New Jersey legislation would create state coastal commission
A controversial state Assembly bill that could radically change how planning and zoning occurs in coastal towns has advanced out of committee, along with another bill that would require storm-damaged properties to undergo an environmental review before rebuilding.
The bill creating a coastal commission — an idea first proposed in the 1980s by then Gov. Thomas Kean — cleared the Assembly Environment and Solid Waste Committee in a 4-2 vote, after more than an hour of discussion between environmental advocates, committee members and other advocacy groups. The bill has no Senate counterpart.
As proposed, the bill creates a commission made up of 19 people, appointed by the governor, who would be charged with planning and zoning decisions similar to those of the Pinelands and Highlands commissions, along with creating a new construction code, for all areas that currently are delineated in the Coastal Area Facilities Review Act.
“Nature does not stop at municipal boundaries,” said Assemblyman Peter Barnes, D-Middlesex, a co-sponsor of the bill. “Unfortunately the way New Jersey has traditionally dealt with development, we stop at municipal boundaries. Municipalities can only look at their own four corners.”
Environmental advocates, including the New Jersey Conservation Foundation, the American Littoral Society, Clean Ocean Action and the New Jersey Environmental Federation, strongly support the bill, saying a regional approach to development is crucial to rebuilding after Hurricane Sandy.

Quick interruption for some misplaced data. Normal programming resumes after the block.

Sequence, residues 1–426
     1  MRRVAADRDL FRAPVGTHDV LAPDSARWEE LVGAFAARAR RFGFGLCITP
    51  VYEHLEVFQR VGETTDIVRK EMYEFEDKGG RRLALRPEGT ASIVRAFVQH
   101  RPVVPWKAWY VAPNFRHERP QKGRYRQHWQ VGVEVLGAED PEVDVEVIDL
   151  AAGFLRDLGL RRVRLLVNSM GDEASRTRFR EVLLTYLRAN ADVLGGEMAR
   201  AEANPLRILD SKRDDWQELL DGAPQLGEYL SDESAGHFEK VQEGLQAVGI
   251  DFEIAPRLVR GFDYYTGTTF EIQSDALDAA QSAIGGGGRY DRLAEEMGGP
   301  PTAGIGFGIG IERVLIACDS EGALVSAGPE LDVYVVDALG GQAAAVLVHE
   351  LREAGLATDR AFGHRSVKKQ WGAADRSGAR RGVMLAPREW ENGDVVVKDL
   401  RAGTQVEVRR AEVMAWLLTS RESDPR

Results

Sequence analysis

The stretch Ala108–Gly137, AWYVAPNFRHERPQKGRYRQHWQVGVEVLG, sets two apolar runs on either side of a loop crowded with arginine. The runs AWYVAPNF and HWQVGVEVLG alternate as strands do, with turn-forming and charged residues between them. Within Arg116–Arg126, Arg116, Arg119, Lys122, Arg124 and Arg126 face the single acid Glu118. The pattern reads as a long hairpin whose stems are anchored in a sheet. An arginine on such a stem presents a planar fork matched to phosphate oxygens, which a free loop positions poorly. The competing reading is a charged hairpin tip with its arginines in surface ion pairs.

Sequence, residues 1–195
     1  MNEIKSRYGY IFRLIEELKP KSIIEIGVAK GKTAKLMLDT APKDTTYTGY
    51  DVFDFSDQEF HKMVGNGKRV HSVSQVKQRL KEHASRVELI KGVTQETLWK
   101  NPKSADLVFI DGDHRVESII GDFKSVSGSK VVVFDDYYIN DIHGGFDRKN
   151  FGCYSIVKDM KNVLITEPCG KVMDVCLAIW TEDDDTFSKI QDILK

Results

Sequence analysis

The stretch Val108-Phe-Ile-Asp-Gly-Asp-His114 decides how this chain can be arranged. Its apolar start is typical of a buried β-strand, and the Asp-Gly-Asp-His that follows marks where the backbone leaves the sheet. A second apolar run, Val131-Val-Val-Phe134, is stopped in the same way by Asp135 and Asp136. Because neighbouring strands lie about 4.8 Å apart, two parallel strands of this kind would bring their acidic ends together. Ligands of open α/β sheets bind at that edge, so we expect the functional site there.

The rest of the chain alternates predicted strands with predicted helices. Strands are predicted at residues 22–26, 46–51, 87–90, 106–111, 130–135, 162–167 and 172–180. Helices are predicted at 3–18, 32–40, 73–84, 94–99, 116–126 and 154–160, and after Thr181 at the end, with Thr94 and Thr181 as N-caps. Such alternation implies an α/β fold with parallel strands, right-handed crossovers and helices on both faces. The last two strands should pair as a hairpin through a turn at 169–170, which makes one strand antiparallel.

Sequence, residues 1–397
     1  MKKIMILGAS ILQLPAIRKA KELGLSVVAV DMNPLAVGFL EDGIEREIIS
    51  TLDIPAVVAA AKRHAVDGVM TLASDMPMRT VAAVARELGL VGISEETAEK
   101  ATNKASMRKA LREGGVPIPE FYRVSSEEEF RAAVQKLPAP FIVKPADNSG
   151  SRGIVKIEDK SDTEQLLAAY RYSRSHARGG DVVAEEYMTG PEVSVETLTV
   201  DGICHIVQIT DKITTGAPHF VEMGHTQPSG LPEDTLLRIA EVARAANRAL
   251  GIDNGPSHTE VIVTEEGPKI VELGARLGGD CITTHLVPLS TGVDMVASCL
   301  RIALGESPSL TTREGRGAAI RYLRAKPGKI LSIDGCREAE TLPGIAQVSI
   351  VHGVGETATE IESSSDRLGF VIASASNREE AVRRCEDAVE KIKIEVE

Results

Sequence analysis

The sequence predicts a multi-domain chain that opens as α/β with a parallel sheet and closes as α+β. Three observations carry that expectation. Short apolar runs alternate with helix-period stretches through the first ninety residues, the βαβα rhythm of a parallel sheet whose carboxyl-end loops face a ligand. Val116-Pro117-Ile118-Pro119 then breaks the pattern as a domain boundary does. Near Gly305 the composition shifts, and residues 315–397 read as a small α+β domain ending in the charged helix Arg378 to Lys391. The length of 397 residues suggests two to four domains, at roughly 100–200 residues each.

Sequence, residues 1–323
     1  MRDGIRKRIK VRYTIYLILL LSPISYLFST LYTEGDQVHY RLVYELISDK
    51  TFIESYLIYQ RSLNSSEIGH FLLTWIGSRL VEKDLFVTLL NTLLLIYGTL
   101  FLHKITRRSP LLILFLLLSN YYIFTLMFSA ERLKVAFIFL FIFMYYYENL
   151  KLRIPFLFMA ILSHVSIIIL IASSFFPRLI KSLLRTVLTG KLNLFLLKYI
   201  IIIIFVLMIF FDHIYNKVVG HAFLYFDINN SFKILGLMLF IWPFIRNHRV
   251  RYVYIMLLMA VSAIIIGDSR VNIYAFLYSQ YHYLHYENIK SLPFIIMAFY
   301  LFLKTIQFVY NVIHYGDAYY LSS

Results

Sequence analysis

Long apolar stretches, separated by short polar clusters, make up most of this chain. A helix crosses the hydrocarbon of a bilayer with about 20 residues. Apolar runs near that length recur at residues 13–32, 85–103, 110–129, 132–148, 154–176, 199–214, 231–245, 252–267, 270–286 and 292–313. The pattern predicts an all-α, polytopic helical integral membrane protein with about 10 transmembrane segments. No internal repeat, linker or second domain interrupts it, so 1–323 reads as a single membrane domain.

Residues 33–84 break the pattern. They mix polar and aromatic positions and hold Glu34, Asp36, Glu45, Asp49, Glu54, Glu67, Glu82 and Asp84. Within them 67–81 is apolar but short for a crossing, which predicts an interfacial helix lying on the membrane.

However, the New Jersey League of Municipalities said it has strong concerns about enacting a coastal commission because of the potential for regulatory gridlock. Anthony P. Mercantante, Middletown administrator and member of the league’s Sandy rebuilding taskforce told the committee that the CAFRA zone splits many municipalities and that communities that do not have a representative on the commission could find development approved that the community itself opposes.
“The concept and idea of a larger-scale planning effort for the New Jersey coastline makes a lot of sense, but the question is how to get there,” Mercantante said.
Other bills that advanced include:
* A bill that removes the right to rebuild provision within CAFRA, which allows storm-damaged properties to be rebuilt without a permit rebuild. There is Senate bill counterpart.
* A bill to create a prioity list for building shore protection systems. An amendment requested by environmental advocates to improve public beach access, mainly in Ocean and Monmouth counties, was denied. A Ssenate bill sponsored by Sen. Jim Whelan, D-Atlantic, already has cleared committee.
* A bill to require municipalities to waive certain local building provisions to allow homeowners to raise their houses to new Federal Emergency Management Agency flood map heights. A Senate bill co-sponsored by Whelan already has cleared committee.
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